Rocket Mattler

30th January - 22nd February 2020



The work ruminates on time itself.

The inescapable, ever present, yet so fleeting, passing of seconds, minutes, hours, days, weeks, months, years, decades and centuries.

The subject is weighty, in some minds foreboding, and yet for others (certainly the artists), not so much. The value of time is that of how we use it. Time, like an intangible currency, not one you can ever redeem or reinvest. Its worth lies in how it’s used and whether it’s spent wisely or squandered.

Every lifetime is a transit. How each of us travel respectively along our path and where these paths connect with others, there is nothing static in transit, only the pace and orientation fluctuate.

Herein lies the poetic. The work ‘Transit’ reveals to us a ribbon of time circumnavigating a confrontingly large mass of crisply cut steel. This ribbon, the 32mm width of the steel, disappears as it intersects the second, three times its size, then the ribbon seemingly returns perpendicular upon the edge of a new steel surface. Two ribbons entwine within the one object comprised of two parts, alike but in opposition, of different scales yet sharing some of their dimensions. They are absolutely dependent on one another to remain upright. Although not a singular, they are bound together.

Slotted with precision and balanced in tension, the work has an austere quality as the two opposing planes divide space and delineate their surrounds, light and atmosphere. The scale of the work is a bewildering and unavoidable preoccupation, its sheer mass is potent and actually awesome, brimming with both gravity and gravitas.

Lifetimes are like that, not often able to sustain solitude. They are dense, heavy with intention, filled with potential to thrive or topple at any point.

The work ‘Transit’ weighs as much as a 1969 Mini Cooper S with the artist at the wheel. The irony of a work this heavy, named as it is, is not lost. It takes serious logistical effort to shift such an object, precarious and potentially lethal. It takes incredible energy to work such a material, to move such a mass and to cut or change steel like this.

Minis are assemblages of thousands of parts that roll, combust, exhaust, shift, rock, house and hurtle four wheels and several passengers anywhere they desire. An iconic symbol of speed, fun and freedom. The steel is processed, drawn, forged, rolled, heated, pressed, spun, welded and beaten to realise its potential as a vehicle, and a very light weight, economical and successful feat of engineering.

Transit comprises almost raw, under utilised material straight from the forge. Crude, cut, blunt and cold. Processed iron ore extracted as mineral from the earth, heated to extreme, liquified and poured into a slab to cool in the form we see here.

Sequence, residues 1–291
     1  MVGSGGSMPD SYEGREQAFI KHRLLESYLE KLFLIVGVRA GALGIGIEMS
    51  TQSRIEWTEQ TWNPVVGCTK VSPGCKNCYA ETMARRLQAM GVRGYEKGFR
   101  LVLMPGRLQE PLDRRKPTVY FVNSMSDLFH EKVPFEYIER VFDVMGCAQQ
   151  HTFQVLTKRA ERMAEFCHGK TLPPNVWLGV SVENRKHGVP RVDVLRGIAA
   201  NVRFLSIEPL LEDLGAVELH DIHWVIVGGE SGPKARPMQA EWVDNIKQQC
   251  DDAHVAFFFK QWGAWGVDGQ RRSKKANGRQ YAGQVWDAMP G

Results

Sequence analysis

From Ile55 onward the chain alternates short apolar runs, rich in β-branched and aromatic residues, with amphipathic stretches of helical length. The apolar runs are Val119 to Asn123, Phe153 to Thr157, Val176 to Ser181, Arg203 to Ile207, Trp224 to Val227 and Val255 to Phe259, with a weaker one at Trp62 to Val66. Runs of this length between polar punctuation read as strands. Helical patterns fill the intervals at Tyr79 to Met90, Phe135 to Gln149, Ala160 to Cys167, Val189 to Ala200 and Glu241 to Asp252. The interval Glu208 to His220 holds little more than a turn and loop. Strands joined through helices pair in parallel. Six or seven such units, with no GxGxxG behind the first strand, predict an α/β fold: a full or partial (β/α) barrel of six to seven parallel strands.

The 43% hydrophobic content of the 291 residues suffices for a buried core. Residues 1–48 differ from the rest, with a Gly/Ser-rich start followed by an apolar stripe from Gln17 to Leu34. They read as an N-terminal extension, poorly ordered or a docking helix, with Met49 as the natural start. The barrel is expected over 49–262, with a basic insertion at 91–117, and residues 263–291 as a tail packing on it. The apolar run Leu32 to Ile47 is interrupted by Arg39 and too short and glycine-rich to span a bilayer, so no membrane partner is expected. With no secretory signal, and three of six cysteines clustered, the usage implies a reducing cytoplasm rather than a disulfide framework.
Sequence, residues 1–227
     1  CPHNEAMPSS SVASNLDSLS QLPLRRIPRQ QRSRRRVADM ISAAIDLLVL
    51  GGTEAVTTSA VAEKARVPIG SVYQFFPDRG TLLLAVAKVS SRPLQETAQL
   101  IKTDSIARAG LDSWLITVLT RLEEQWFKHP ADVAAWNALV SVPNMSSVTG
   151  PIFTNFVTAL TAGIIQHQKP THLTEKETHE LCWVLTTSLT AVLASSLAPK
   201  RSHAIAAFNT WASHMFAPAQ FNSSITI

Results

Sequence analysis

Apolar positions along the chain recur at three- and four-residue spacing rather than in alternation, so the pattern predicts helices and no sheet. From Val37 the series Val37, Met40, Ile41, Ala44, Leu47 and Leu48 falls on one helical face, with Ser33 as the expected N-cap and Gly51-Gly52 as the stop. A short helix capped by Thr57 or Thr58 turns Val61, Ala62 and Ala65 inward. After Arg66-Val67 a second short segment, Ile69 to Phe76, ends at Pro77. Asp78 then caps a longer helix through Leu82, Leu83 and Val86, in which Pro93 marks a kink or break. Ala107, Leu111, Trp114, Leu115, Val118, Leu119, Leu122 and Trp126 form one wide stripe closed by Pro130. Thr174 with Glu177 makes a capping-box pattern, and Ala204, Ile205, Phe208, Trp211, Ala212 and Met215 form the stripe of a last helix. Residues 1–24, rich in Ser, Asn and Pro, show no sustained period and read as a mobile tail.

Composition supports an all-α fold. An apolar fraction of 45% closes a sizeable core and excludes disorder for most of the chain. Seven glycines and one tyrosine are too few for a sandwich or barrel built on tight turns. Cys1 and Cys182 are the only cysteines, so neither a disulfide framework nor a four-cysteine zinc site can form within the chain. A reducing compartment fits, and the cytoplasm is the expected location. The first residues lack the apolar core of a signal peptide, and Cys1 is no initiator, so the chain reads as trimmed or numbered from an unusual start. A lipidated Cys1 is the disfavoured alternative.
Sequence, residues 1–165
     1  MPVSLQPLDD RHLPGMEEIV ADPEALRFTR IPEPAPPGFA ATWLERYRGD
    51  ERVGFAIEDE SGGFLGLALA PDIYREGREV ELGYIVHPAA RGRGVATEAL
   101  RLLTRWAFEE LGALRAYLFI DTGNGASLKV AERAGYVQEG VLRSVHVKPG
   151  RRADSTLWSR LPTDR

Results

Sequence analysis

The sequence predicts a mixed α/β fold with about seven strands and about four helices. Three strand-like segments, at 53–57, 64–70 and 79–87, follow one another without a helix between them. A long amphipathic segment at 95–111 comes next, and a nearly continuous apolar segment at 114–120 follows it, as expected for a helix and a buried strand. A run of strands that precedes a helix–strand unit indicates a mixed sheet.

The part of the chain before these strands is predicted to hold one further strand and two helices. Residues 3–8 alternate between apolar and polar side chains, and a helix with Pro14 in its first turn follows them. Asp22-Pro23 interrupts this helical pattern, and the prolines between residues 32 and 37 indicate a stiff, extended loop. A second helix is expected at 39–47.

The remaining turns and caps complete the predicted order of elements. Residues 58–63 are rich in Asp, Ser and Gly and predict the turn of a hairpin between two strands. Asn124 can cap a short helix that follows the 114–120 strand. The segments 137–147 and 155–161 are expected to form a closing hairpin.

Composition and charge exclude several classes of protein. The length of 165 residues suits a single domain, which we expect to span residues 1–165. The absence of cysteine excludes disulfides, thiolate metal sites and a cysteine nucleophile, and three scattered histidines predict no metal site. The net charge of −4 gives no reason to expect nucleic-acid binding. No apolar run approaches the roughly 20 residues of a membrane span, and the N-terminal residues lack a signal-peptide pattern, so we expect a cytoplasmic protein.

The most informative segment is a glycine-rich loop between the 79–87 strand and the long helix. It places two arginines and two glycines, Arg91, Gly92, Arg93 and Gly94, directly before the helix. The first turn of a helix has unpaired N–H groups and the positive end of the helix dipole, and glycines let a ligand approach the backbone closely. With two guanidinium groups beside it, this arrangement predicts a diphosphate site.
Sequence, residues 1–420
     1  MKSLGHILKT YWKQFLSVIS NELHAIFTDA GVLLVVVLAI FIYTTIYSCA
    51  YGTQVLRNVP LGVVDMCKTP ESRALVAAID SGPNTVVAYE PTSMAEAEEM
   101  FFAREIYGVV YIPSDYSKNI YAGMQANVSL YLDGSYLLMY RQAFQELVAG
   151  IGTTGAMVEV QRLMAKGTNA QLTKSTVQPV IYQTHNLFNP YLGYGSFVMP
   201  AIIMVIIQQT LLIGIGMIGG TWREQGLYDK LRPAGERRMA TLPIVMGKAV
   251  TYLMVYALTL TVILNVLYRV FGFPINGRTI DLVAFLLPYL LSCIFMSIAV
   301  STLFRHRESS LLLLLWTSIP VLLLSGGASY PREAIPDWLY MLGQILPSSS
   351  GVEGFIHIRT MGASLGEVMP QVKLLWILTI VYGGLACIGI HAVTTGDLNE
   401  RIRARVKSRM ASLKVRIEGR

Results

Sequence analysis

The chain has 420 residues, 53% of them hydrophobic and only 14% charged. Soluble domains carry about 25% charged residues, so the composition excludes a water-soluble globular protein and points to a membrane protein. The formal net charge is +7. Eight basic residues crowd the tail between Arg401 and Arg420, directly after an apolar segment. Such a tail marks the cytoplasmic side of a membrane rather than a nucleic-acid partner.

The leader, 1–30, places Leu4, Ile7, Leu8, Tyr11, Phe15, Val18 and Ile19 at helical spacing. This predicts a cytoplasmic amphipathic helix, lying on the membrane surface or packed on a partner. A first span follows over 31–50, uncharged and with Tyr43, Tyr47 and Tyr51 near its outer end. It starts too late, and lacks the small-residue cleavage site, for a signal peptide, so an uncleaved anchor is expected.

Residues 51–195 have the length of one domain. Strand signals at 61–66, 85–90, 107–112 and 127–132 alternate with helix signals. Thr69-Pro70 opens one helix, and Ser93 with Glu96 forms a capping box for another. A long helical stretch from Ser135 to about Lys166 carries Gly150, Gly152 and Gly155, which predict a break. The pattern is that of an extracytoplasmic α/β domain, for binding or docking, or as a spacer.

It is loaded with potential, filled to the brim with possibility. Although this steel was never produced with an artistic intention in mind, its utility is paramount to its production. As a simple road plate, this steel’s material intention would be realised to punctuate traffic as cars clear caverns beneath it. A tiny bridge in a road, barely noticeable as you bump ever so slightly over it. In the gallery, the steel lives a luxurious life, one it never anticipated, the context allows it to be regarded anew.

Potential is significant to the work ‘Transit’.

To the artist’s mind, the work is as much about how you move through time as it is about the march of time itself. The artist is reflecting positively, affirming the value of experience of life, celebrating every tear and scar, triumph and savoring it. Still, the gaze is to the horizon, excited to move forward willingly with a hunger for more. Even a resilient cold slab of steel will not survive a lifetime intact. It will live as we all do, revealing its life upon its service as it tarnishes and changes.

Rocket sees his own transit in the smaller of the two steel pieces, intersecting with a greater potential. Like a seven inch vinyl single spliced into its respective 12 inch LP album.

It would be easy to draw comparisons with artists who work predominantly with massive heavy steel structuresspringHowever, this work marks a significant milestone in it’s, which has engaged with a variety of materials to date, including. subtly alters the obvious of an object, to prompt a reading all our own.


Will French, 2020


The artist wishes a special thanks to Sarah Contos, Mark Pokorny and to Matt Newburn at Eveleigh works for their help and support in making Transit